Now Available! | Released: October 1, 2022
Now Available! | Released: October 1, 2022
Since 1970, the Caribbean has lost half its coral reefs, an ominous and accelerating phenomenon reflected around the world. Beyond the heartbreak of the loss of such exquisite beauty, losing coral reefs means the annual loss of billions of dollars from the global economy and the end of a way of life for the billions who depend on these ecosystems.
Marine scientist and conservation leader Dr. David E. Guggenheim has had a front-row seat to this disaster. But when he began a new chapter of his career in Cuba, he found something completely unexpected: hope. After years of watching reefs deteriorate, Guggenheim was astonished to come face-to-face with Cuba’s remarkably healthy coral reefs overflowing with marine life. The Remarkable Reefs of Cuba reveals the hidden lessons of Cuba’s reefs that could help rescue coral reefs around the world.
While the past 60 years have seen the worst decline in ocean health in human history, Cuba’s oceans and coral reefs remain remarkably healthy, a living laboratory little seen by this generation of scientists. Which begs the question—Why are Cuba’s ocean waters so healthy? The answer is deeply entwined with the country’s extraordinary and singularly unique history, from its dramatic political past to its world-class environmental protections influenced by an unlikely partner, Jacques Cousteau.
“The Remarkable Reefs of Cuba” tells the story of the demise of the world’s ocean ecosystems, the hard work of those trying desperately to save it, and an unexpected beacon of hope from an island full of mystery and surprise.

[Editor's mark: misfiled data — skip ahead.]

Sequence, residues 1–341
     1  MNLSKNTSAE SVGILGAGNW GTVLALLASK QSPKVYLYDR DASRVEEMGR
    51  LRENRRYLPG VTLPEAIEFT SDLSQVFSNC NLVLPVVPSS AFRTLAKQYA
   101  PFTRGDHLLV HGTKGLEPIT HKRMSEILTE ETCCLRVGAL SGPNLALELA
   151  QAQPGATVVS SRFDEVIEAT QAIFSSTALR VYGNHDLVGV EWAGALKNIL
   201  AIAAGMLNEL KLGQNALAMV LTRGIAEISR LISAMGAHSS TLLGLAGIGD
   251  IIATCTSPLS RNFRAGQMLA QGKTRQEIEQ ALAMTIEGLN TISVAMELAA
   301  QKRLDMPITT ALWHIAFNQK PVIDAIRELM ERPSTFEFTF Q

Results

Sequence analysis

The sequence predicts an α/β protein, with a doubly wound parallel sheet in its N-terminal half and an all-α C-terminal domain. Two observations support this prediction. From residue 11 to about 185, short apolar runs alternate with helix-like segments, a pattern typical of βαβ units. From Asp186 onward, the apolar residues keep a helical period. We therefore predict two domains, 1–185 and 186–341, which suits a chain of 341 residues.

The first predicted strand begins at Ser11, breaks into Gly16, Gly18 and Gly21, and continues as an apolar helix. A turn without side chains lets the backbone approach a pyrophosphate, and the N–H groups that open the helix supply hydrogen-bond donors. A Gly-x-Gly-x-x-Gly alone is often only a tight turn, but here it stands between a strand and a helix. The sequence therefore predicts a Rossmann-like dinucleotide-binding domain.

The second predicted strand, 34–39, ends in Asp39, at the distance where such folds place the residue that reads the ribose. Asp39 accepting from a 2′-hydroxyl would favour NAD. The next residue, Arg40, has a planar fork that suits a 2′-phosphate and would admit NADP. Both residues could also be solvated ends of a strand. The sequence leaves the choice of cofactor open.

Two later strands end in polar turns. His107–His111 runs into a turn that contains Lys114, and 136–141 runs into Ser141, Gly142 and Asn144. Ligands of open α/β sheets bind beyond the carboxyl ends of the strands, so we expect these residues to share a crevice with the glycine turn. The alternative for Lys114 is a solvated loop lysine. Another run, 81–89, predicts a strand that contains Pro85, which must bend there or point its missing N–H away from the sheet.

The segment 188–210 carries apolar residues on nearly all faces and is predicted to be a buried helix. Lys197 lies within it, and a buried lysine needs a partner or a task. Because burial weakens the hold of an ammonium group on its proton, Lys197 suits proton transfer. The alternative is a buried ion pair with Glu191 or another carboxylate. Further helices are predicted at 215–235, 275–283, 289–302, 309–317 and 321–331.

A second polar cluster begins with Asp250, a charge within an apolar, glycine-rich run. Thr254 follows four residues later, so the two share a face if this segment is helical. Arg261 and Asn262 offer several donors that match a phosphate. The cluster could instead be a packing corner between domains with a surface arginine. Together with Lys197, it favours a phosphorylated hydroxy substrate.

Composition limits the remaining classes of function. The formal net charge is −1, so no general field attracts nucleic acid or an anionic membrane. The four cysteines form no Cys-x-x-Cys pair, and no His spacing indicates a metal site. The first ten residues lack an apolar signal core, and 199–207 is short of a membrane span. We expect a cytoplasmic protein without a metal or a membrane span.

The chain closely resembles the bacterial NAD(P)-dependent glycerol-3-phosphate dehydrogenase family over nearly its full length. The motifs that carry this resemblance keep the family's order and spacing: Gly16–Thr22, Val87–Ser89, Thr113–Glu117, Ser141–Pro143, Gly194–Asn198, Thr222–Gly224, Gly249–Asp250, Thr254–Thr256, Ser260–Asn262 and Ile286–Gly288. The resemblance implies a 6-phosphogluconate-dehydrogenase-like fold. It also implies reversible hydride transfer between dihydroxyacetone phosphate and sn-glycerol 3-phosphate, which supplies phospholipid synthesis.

David E. Guggenheim, Ph.D., is a marine scientist, conservation policy specialist, ocean explorer, submarine pilot, and educator. He is the founder and president of the Washington, DC–based nonprofit organization Ocean Doctor, dedicated to advancing the conservation of the world’s oceans through research, education, and community engagement.
He is an adjunct professor at Johns Hopkins University, where he teaches ocean sustainability, and was inducted into the Explorers Club as a national fellow in 2008. He makes frequent speaking, television, and radio appearances and has appeared on 60 Minutes, Good Morning America, CNN, MSNBC, PBS Newshour, and NPR. Guggenheim has been the vice president of the Ocean Conservancy, president and CEO of the Conservancy of Southwest Florida, cochair of the Everglades Coalition, president of the Friends of Channel Islands National Park and board chair of the Great Whale Conservancy.
“Guggenheim’s deeply personal journey into Cuba’s past and present leads him to see the inextricable links between humans and nature, and reasons for hope in an enduring future for both.”
“Cuba’s political difficulties created a silver lining of virtually untouched reefs. They are a reminder of what God intended coral reefs to be and of how badly coral reefs have been massacred by human pollution, overfishing, and climate change. These Cuban reefs offer a beacon of hope as well as a warning of danger, and The Remarkable Reefs of Cuba gives them voice.”